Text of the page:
Big competition in the Bayern Munich midfield is no news. Many young talents have tried but failed to break into the first team. Will Bayern’s record signing Corentin Tolisso be one of them?
Following this article on Sebastian Rudy a few days ago, there was a lot of discussion in the comments about whether Tolisso might in fact be more likely to leave Bayern. Some argued that he was under-performing and should be sold on; others felt that he was still young enough to have room to grow. Yet another view was that he simply didn’t fit the Bayern system. Let’s have a look at some of the critiques and then the numbers that back them up.
What our readers thought
If you look back at Tolisso’s surprise transfer to Bayern, many people felt he simply was not worth the money Bayern paid. Of course, signing any players in a superheated market is difficult, and some will argue that Bayern need to invest big money to stay competitive with their biggest rivals. Although I would argue that that is not the Bayern philosophy and that Bayern would not be where they are now if they followed “the way everyone else is doing it,” there were some comments that particularly caught my eye.
In the interest of not making this article too long I have limited myself to three major points:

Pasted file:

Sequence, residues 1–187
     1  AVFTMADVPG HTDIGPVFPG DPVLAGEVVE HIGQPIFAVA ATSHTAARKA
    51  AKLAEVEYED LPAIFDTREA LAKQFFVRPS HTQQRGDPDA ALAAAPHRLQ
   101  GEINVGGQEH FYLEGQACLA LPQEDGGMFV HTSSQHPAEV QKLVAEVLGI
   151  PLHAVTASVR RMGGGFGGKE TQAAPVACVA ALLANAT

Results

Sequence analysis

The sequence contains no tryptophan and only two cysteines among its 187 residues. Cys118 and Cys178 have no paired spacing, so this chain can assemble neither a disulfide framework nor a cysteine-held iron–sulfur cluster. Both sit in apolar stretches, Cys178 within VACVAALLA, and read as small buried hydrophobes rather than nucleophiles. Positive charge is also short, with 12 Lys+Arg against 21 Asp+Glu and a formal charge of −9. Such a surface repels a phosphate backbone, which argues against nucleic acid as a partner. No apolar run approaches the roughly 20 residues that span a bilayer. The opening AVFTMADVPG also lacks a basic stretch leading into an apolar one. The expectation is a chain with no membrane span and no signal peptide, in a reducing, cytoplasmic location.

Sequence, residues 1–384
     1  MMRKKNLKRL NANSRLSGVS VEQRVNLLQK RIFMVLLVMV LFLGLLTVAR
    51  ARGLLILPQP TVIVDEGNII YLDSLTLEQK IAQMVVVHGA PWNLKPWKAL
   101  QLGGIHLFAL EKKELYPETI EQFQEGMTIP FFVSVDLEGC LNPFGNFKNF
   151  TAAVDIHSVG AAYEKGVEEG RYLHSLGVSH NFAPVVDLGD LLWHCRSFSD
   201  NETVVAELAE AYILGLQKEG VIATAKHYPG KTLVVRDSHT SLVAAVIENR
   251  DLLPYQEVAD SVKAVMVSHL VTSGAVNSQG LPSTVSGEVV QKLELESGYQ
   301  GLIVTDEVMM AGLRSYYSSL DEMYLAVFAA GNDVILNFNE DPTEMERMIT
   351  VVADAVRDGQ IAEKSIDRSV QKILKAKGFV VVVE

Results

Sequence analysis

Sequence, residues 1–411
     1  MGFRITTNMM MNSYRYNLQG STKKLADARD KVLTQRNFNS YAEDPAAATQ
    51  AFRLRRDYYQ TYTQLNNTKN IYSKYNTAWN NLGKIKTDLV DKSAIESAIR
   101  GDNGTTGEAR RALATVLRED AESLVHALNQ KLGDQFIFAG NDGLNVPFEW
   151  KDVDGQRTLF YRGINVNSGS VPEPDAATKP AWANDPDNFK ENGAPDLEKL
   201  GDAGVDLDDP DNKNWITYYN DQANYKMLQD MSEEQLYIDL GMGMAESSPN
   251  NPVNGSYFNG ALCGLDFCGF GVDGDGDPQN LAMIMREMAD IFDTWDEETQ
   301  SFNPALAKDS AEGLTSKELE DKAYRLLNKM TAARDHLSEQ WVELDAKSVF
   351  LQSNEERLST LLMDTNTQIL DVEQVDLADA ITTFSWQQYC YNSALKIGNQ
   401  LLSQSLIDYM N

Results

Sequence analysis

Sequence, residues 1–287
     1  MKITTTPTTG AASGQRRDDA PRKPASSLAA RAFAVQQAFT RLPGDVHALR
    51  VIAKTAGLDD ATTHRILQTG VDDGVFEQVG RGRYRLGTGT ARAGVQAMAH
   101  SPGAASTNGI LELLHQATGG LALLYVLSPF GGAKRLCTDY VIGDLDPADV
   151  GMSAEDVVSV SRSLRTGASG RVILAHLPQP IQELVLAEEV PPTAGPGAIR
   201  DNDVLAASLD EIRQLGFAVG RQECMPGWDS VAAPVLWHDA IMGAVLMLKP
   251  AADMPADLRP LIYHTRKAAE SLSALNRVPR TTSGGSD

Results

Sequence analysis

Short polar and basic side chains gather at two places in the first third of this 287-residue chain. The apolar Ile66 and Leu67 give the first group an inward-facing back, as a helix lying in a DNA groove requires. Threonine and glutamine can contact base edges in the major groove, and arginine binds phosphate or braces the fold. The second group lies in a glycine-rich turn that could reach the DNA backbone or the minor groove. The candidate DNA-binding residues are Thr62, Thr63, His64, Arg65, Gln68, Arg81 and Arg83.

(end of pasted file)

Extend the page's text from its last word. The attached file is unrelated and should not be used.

- twocolorcrayon noted that:
It’ll be hard for any young midfielder to show that quite at this moment on this squad...I don’t think a single one of us expected him to really be challenging for a starting position.
- Bayern München mentioned some of Tolisso’s positive stats before Bayern’s game against Paderborn and—similar to the comment above—the presence of older players on the squad:
5 goals and 5 assists having played 1671 minutes . . . the others are 30 [Vidal], 29 [Javi], 27 [Rudy] and an injury prone 26 [Thiago].
- and finally, at_sunshine talked about another important aspect of any player’s performance, whether he fits the team’s system:
Tolisso still seems like more of a 4-3-3 midfielder than a 4-2-3-1 one.
To address these concerns, let’s look first of all at Tolisso’s performance, in particular his stats. Like Vidal, Tolisso is a modern box-to-box midfielder, although he tackles somewhat less often. For context, we will compare the performance of the two players below.
Their playing time is remarkably similar: Tolisso has played in 28 games this season (1729 minutes/ 6 goals/ 5 assists), and Vidal in 27 (1747 minutes/ 6 goals/ 2 assists). While all of Vidal’s goals and assists came in the Bundesliga, Coco has also contributed in the Pokal (1 goal/1 assist) and Champions League (3 goals/ 1 assist). On top of that Tolisso, has picked up only 5 yellow cards compared to Vidal’s 9.